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Author to Author

The Author:  George Singleton
The Book: “Novel” (Harcourt)

     George Singleton’s writing career took off at the Pickens Flea Market. There, as part of aspecial report on southern writers and musicians in August 2001, a reporter and sound crew from National Public Radio (NPR)  visited Singleton, and followed him around the flea market, with microphones and boom in tow, recording his witty off-the-cuff remarks. Until then, Singleton, a respected short story writer with fiction published in noted magazines and literary journals such as The Atlantic Monthly, Harper's, Playboy, Zoetrope, The Southern Review, The Georgia Review, as well as the annual anthology, “New Stories from the South,”  was nevertheless a well-kept secret. The radio spot sealed his reputation as “the king of the comic southern short story,” and catapulted him a new orbit of fame. “After that, everythingjust flew,” he said, Singleton, who teaches fiction writing at the S.C. Governor's School for the Arts and Humanities, isa native of Greenwood, and a graduate of Furman University. He holds a master of fine arts degree from the University of North Carolina Greensboro. A collector of ashtrays and yardsticks, (thanks to the Pickens Flea market) Singleton lives in Dacusville with the clay artist Glenda Guion,, along with their ten dogs, one cat and a snapping turtle.
     Singleton’s latest book and debut novel is called, well, “Novel.”  Published by Harcourt,  it’s just hitting bookstores. Last September, his third story collection, “Why Dogs Chase Cars,”  about a boy growing up in the tiny backwater town of Forty-Five, South Carolina, was published to much acclaim. (The New York Times said, “Singleton's hilarious insights come early and often.”) His previous books include“These People are Us” published in March 2001, followed in September 2002 by “TheHalf-Mammals of Dixie.”
     “Novel “ is set in the fictional town of Gruel, S.C., where a professional snake handler named Novel (his brother's name is James; his sister's is Joyce) stumbles across a decades-old town secret. Described as “full of Southern mischief and wit,” the publisher calls it “a crazed and crazy fictional whirlwind of drinking, motel-living, art-forgery-committing, pool-playing redneck charm.” Like his previous story collections, Singleton’s novel is written with affection for southern people who are trying hard to make sense of modern absurdities.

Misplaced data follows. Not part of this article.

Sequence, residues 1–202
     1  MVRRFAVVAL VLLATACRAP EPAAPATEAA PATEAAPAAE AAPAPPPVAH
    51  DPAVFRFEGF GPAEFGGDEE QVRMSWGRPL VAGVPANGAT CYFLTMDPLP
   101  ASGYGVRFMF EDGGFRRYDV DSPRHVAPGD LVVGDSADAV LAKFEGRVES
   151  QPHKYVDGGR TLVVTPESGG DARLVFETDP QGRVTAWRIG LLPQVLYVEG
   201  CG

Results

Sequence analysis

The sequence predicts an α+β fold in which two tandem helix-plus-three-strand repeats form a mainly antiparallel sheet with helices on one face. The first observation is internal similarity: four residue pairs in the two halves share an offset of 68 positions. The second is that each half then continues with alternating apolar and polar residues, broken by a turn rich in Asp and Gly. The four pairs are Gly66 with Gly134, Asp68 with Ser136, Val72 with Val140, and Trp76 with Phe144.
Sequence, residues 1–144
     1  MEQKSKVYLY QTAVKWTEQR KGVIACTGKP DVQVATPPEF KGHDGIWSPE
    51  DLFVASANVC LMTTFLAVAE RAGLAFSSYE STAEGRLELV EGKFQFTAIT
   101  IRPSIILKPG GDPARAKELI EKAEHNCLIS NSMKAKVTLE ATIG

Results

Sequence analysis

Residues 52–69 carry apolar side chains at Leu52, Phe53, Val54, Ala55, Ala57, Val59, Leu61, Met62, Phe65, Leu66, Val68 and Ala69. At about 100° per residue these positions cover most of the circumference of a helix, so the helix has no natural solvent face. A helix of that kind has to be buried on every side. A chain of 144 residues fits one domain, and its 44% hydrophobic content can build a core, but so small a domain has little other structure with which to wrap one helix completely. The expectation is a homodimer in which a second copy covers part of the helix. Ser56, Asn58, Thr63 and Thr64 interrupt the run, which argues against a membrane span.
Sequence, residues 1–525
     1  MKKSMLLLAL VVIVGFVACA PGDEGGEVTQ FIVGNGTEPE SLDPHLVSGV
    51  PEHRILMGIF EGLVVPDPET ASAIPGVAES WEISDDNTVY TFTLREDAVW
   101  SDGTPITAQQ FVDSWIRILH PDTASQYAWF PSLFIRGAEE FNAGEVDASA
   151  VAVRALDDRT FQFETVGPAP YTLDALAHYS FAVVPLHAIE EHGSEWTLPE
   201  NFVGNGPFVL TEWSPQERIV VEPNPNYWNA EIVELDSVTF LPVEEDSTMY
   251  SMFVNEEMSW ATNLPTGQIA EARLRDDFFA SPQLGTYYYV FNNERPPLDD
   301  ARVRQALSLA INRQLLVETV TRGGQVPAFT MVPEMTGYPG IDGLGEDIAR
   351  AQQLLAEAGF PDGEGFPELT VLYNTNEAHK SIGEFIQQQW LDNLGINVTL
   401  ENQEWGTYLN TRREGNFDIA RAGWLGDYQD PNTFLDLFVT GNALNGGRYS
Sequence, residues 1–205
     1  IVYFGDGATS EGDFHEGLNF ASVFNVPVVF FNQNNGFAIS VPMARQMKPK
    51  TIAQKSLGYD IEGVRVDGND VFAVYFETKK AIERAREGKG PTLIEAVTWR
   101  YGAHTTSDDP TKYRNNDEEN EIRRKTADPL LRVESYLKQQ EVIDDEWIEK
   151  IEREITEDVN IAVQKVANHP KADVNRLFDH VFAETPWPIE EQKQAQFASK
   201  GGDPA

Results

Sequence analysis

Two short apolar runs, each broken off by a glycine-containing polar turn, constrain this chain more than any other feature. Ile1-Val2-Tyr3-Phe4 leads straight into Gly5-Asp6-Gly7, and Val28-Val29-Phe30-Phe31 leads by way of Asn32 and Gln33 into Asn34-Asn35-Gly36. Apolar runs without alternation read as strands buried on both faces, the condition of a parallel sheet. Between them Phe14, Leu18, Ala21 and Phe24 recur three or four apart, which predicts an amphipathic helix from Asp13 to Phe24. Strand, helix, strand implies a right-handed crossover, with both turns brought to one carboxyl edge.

In fact, in his novels and stories alike, Singleton manages to be funny, irreverent and empathetic all at the same time:  A bouncer videotapes an episode of Bonanza over his wife's sonogram. A boy’s reputation is ruined when he appears in a head-lice documentary. Clearly, George Singleton is an author who uses humor for cathartic effect.  "Singleton's relentlessly offbeat stories are a miasma of flea markets, palm readers, bowling alleys, and alligators," exclaims Entertainment Weekly. Or, as a bookseller at Olsson's Books and Records, Washington D.C. has noted, "This is not your mother's Southern fiction."
     The Atlanta Journal Constitution has already selected “Novel” as a summer read. Upcoming articles and reviews are scheduled in magazines such as Southern Living, Poets & Writers, and in newspapers from Portland, Oregon, to Seattle, to New Orleans.
Previously published by Algonquin, Singleton was wooed away to Harcourt, a bigger publishing house, with promises of bigger prints runs, more money and a sizeable publicity push. His book tour, which kicks off next week, includes stops in North Carolina, Mississippi, Tennessee, Arkansas, Louisiana, Washington, California and Oregon.
     “My publicist said if the book does well through the fall, they’dsend me out on another tour, ‘ he said. “I said, ‘Hey I’ve got a good idea. Ifthis book is doing well in the fall, how about I get to stay home?’” Yet, Singleton admits the book tour is important, and he’s up for it. He actually enjoys doing public readings. “But I try not to too distracted a lot by the business of publishing,” he said.
     Singleton is disciplined and writes every day. “In the old days I’d write 1000 words a day. Now 600 words a day is my new goal.”  Singleton estimates he’s written “hundreds of stories,” and until a few years ago, about one in four were published. In the last four years, just about all of the stories he writes are accepted for publication. Rejection, however, is par for the course: “When a rejection comes in, I put that story back in the mail to another magazine that same day,” he said. At last count, he has110 published stories. His next story collection, forthcoming form Harcourt, is called “Drowning in Gruel.” He’s already writing his next novel.
     Singleton credits his writing success, in part, to being “stupid and stubborn.  It’s as if you’re asking a woman on a date for ten years and she keeps rejecting you, and you keep asking.”  Never easy or rational, “writing,” he explained, “is about keeping going and being hard-headed.”
 
Mindy Friddle is the author of the novel “The Garden Angel” (St. Martin’s Press/Picador.) Visit her website, www.mindyfriddle.com, for more information on writing and publishing.